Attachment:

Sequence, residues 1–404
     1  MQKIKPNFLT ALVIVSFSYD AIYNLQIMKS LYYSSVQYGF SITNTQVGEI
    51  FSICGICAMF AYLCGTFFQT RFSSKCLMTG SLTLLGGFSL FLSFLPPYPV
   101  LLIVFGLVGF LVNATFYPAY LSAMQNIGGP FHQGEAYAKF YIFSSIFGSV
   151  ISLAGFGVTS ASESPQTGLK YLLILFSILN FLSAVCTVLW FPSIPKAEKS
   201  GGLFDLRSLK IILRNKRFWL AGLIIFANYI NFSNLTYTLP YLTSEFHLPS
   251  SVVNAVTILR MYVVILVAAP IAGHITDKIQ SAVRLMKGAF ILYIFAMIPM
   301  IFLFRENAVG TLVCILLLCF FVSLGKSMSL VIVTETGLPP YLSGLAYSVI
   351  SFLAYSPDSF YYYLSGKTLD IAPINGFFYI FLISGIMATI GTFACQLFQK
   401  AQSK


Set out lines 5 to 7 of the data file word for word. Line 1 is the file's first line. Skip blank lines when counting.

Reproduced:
   151  ISLAGFGVTS ASESPQTGLK YLLILFSILN FLSAVCTVLW FPSIPKAEKS
   201  GGLFDLRSLK IILRNKRFWL AGLIIFANYI NFSNLTYTLP YLTSEFHLPS
   251  SVVNAVTILR MYVVILVAAP IAGHITDKIQ SAVRLMKGAF ILYIFAMIPM